Stealing the Network: How to Own an Identity

Mike Riley

October 30, 2009

3 Min Read
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Stealing the Network: How to Own an Identity

As is often the case with successful products, especiallya book series, follow-up titles are hotly anticipated by fans of the originals.This was the case when I heard about Syngress third addition to its amazing Stealing the Network series. Readers mayrecall my effusive 5 star review of the second book in the series, How to Own aContinent. Needless to say, my anticipation for How to Own an Identity was at an all-time high.


What makes the Stealingthe Network titles so compelling to read is the amalgamation ofentertaining spy-novel fiction writing and real-world exploitation of computerand network security flaws. This latest book continuesthis practice, and re-introduces the characters and plotlines from How to Own a Continent. While it s notnecessary to have read that book before this one, those who have willappreciate the recursion of story elements, as well as the recognition that cybercrimes and murders don t go magically unnoticed for long in the real world.


How to Own anIdentity reintroduces Bob Knuth, the main antagonist from How to Own a Continent. Readers learnabout his real name (Robert Knoll), his wife, son and daughter, and, ultimately,about his NSA background. As with the other Stealingthe Network titles, each chapter is written by a different author, eachintroducing different types of security exploits focusing on identity theft.


Throughout the course of the story, readers will becomemore paranoid about so-called trusted technologies, such as DNS, SSH, and SSL,as well as learn about how Cisco routers hold a treasure trove of informationand even how to, with a few sequenced front panel button presses on the device,turn an Apple iPod into a firewire drive (not just the section of the driveintentionally partitioned for HD access) for full extraction and disk imagingof its entire contents. Even stenography and playful number games betweenfather and son ( la Dan Brown s DaVinci Code Fibonacci flashback devicebetween that book s primary parent and child characters) make appearances.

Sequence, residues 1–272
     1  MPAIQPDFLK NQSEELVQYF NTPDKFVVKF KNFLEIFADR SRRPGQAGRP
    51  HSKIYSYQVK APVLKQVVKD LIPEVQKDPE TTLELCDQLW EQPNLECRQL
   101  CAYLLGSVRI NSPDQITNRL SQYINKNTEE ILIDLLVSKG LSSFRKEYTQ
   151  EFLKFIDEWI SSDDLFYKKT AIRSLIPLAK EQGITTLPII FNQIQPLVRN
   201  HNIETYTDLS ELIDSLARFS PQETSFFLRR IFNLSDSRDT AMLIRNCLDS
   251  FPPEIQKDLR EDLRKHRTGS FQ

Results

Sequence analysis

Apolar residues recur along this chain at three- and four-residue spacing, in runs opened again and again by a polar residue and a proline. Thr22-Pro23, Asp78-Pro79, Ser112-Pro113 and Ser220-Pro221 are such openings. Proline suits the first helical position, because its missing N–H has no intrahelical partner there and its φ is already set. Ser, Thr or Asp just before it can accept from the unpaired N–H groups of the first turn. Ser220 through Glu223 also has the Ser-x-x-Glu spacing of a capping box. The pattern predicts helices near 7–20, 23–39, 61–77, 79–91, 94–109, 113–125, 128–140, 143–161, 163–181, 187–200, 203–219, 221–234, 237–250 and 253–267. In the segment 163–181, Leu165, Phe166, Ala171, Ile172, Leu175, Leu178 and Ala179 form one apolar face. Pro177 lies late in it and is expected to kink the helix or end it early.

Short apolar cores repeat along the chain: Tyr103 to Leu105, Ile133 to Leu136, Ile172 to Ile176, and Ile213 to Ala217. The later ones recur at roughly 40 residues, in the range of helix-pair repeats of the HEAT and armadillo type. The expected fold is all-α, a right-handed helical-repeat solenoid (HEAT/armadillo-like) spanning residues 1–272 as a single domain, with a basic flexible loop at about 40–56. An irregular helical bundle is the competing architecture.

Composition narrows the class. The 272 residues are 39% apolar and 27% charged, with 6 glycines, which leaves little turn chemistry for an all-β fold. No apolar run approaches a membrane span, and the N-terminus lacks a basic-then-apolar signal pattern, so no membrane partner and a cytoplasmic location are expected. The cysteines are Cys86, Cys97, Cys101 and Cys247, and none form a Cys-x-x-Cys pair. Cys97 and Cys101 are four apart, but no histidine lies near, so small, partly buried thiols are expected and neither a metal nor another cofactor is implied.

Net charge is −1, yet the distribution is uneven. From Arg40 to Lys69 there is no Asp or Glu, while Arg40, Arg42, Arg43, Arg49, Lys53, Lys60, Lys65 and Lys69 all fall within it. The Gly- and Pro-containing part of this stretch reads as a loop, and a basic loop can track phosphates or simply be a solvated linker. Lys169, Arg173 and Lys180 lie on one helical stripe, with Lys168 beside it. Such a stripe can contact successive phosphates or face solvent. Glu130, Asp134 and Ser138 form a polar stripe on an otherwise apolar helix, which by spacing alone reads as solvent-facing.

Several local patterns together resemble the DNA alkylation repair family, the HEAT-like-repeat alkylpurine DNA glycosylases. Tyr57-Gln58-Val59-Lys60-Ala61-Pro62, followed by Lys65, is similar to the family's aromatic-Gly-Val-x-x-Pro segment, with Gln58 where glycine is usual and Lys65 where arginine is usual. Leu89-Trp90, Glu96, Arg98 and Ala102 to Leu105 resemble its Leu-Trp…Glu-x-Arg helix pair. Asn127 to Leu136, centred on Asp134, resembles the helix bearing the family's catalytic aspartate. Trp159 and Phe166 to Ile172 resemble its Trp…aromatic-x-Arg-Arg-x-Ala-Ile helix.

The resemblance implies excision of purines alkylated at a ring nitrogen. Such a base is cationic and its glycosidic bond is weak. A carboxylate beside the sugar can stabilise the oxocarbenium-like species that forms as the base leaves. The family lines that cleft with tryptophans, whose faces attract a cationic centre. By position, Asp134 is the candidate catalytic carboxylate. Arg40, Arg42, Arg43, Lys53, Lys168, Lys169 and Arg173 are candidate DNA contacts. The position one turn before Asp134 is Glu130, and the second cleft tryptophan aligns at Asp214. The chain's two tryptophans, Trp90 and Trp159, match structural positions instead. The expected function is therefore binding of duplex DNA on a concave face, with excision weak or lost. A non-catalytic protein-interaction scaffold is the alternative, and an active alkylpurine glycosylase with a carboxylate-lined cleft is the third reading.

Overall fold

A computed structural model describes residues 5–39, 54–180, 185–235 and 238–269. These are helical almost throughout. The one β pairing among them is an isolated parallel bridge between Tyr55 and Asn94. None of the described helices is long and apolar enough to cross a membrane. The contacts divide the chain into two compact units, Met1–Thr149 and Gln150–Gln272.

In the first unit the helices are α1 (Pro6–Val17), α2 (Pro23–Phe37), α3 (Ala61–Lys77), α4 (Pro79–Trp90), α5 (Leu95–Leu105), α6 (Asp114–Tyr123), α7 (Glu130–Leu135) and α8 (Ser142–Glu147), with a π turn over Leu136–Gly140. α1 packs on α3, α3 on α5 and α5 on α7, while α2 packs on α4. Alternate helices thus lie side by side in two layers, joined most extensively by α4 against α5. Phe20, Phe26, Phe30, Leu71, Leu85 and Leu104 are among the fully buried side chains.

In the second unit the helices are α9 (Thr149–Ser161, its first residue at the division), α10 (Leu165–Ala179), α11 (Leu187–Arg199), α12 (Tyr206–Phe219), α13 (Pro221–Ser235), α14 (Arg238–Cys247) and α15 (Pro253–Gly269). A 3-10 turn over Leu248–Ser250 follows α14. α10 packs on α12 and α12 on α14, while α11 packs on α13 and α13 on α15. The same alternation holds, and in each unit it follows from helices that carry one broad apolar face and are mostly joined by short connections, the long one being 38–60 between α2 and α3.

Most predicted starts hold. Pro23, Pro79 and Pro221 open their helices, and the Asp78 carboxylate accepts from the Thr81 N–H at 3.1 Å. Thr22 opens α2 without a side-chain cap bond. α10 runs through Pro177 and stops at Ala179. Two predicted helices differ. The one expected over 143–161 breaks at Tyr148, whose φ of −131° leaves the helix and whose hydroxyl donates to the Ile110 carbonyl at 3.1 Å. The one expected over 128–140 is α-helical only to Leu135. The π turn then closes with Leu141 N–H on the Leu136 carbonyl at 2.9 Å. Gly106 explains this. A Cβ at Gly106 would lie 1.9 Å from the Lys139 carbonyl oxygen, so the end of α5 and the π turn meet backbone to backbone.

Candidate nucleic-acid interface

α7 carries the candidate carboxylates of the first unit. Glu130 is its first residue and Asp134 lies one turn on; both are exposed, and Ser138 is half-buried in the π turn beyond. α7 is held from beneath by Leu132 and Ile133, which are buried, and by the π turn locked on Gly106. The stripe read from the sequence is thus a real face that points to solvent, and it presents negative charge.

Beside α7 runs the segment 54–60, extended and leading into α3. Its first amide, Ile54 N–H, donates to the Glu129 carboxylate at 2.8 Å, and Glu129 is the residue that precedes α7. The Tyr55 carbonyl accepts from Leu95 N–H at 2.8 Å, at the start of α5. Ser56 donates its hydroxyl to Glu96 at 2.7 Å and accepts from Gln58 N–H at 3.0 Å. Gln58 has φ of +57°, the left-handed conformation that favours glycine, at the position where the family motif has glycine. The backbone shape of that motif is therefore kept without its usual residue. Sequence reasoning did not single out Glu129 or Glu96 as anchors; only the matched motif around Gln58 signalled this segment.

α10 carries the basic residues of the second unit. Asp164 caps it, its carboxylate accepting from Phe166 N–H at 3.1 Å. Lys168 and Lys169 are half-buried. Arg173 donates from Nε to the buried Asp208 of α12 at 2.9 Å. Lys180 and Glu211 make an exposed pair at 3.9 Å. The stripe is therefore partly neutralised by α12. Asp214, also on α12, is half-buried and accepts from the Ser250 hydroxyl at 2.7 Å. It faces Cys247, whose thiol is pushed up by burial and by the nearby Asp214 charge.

The book s ending, while offering a few surprising twists,didn t quite have the visceral impact of Howto Own a Continent. In fact, How toOwn an Identity seemed rushed and failed to tie up a lot of loose ends. Ihad to re-read the last two chapters just to make sure I didn t miss anythingbetween the lines. Did Knoll s son eventually meet up with his father? Didhacker Forbes succeed with her Plan B ? What became of the hacker Flir, whohad been duped by Knuth in How to Own aContinent and was now hot on Knuth s trail? And what the heck happened toKnuth/Knoll s wife? If Syngress advertised that the next book in the serieswould be forthcoming with these answers it would be easier to defer thesequestions, but without this promise, it just feels like multiple authors introducedtoo many characters who were forgotten about or sacrificed for the sake ofdemonstrating a technical exploit.


Even with the discombobulated ending, Stealing the Network: How to Own an Identity continues Syngress excellent merger of suspenseful fiction with real-world examples of exploitingcomputing technology vulnerabilities. I just hope that the next book in theseries examines exploits at the technical extremes while tying up the story sloose ends.


Mike Riley



Title: Stealing the Network: How to Own an Identity

Author: RavenAdler, Jay Beale, Riley Eller, Brian Hatch, Chris Hurley, Jeff Moss, TomParker, Ryan Russell, Timothy Mullen, Johnny Long

Publisher: Syngress

ISBN: 1-59749-006-7

Web Site:

Price: US$39.95

Page Count: 336pages



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